Wolverhampton Grammar School celebrates 500 years
Wolverhampton Grammar School (WGS) is poised to celebrate its 500th anniversary later. BBC journalist Chris Blakemore, who attended WGS between 1983 and 1990, gives a brief history of the establishment.
WGS was founded in 1512 by Sir Stephen Jenyns, a Wolverhampton man whose fortune was built on the wool trade.
On becoming Lord Mayor of London in 1509, Sir Stephen was determined to give something back to his hometown.
And so in 1512, a school for the "instruction of boys in good morals and learning" opened in St John's Street in the heart of the then town, and WGS was born.
Today, as it approaches its 500th anniversary, the school is almost unrecognisable from what was established at its founding.
In 1875, after almost 350 years, WGS moved from its cramped location to its present premises on Compton Road.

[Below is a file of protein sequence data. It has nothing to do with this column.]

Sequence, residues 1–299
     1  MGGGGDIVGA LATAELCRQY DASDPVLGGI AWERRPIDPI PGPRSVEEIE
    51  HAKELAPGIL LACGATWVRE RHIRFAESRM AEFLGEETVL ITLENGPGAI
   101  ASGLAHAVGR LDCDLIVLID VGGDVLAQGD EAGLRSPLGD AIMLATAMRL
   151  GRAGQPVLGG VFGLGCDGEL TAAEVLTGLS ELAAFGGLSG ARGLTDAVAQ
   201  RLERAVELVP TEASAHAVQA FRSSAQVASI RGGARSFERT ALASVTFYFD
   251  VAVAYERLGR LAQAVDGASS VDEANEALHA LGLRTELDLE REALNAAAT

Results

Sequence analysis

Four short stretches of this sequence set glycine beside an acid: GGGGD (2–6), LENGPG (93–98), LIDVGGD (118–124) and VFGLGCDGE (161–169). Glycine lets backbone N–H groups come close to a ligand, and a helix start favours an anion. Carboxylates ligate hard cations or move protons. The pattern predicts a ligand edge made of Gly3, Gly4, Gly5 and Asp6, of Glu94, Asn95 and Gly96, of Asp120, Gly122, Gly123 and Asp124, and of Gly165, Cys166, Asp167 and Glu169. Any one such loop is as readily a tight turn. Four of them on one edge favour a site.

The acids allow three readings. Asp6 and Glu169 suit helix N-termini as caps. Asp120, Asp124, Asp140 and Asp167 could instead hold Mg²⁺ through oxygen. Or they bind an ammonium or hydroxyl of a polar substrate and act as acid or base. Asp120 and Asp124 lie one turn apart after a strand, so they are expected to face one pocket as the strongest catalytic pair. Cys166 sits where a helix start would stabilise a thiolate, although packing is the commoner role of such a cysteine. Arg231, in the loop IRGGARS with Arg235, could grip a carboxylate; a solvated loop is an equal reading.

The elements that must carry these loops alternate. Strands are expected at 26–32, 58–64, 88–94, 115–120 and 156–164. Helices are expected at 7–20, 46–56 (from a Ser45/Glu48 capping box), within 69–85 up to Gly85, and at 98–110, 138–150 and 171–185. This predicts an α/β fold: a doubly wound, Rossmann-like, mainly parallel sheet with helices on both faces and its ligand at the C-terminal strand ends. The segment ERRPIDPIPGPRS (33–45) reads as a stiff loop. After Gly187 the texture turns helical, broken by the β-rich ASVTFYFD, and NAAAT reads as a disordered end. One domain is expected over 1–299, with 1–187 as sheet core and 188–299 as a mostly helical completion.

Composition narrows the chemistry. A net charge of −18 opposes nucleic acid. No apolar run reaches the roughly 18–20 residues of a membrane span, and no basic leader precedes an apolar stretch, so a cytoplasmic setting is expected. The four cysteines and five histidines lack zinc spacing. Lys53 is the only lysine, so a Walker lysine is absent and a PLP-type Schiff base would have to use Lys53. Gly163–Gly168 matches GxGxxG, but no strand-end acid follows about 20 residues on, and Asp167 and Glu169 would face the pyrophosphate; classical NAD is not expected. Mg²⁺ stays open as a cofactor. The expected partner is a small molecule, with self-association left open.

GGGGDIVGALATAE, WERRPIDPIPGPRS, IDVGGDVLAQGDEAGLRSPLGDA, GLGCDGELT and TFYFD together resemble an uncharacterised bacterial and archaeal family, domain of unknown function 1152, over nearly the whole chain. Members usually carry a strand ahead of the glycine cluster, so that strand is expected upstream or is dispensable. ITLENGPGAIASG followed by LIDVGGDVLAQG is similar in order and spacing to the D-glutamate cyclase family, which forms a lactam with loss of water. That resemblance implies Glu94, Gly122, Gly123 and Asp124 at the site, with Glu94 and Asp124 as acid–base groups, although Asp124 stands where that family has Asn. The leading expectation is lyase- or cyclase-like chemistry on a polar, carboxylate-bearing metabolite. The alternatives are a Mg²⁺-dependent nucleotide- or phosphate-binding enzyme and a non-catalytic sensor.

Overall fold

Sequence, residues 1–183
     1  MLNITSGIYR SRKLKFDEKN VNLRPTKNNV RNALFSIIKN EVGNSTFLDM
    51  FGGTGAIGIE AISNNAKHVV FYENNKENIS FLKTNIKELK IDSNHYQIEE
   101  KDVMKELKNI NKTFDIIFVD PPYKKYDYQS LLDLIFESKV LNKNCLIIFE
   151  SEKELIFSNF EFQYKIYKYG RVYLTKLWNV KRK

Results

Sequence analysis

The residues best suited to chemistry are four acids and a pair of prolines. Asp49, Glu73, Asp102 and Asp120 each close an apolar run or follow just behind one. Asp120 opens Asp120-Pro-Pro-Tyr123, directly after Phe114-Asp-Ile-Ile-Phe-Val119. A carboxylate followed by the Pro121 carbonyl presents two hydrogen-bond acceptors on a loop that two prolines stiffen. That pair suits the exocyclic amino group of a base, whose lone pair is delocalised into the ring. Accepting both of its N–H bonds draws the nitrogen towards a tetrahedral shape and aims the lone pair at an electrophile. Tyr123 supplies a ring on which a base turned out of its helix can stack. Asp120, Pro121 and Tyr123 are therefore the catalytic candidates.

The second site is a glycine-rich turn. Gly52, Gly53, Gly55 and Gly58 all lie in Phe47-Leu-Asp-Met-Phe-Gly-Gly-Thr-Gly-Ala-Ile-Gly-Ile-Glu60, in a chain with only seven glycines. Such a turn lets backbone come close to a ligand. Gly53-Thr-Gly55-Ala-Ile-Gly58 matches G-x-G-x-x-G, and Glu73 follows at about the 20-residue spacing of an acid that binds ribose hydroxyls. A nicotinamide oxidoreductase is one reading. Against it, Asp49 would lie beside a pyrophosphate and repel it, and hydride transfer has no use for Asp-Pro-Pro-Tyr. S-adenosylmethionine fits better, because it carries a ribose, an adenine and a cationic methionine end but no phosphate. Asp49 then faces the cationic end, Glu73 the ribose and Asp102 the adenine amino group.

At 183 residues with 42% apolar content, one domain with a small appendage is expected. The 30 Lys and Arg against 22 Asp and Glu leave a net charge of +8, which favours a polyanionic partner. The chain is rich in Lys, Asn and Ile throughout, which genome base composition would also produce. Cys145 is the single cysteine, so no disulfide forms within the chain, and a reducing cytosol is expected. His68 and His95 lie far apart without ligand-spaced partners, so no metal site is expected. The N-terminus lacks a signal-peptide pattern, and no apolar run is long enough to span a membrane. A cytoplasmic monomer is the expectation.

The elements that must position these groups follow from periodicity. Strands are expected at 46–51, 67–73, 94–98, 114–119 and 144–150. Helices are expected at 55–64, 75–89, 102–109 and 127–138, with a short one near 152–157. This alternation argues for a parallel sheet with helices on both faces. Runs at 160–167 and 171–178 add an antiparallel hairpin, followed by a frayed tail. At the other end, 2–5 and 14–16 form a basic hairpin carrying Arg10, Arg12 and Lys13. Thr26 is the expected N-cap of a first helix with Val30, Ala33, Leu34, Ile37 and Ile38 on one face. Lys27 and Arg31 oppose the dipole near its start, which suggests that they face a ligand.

Over the centuries the school role has grown so much that the balcony in St Peter's church, built in 1610 to accommodate the entire school of 60 boys, would now never cope with the 689 students currently at the school - a third of whom are girls.
Thomas Beech, headmaster in 1856, established the school's reputation for academic excellence which, under Warren Derry (1929-56) saw WGS named as one of the top grammar schools in England. Ernest Taylor built on that reputation during his short tenure in the 1960s.
During the last 27 years the school has become fully co-educational (girls first joined the sixth form from 1984, then as 11 year olds from 1991).
Former pupils include Mervyn King, the governor of the Bank of England, and BBC sports broadcaster Jacqui Oatley.
September 2011 saw the school open its doors to 87 children aged 7-10, as junior provision returned after an absence of 67 years.
To mark the anniversary on Friday, up to 500 balloons will be released by students as part of its annual founder's day service. Students will then walk from the Compton Road building to St Peter's church in the city centre.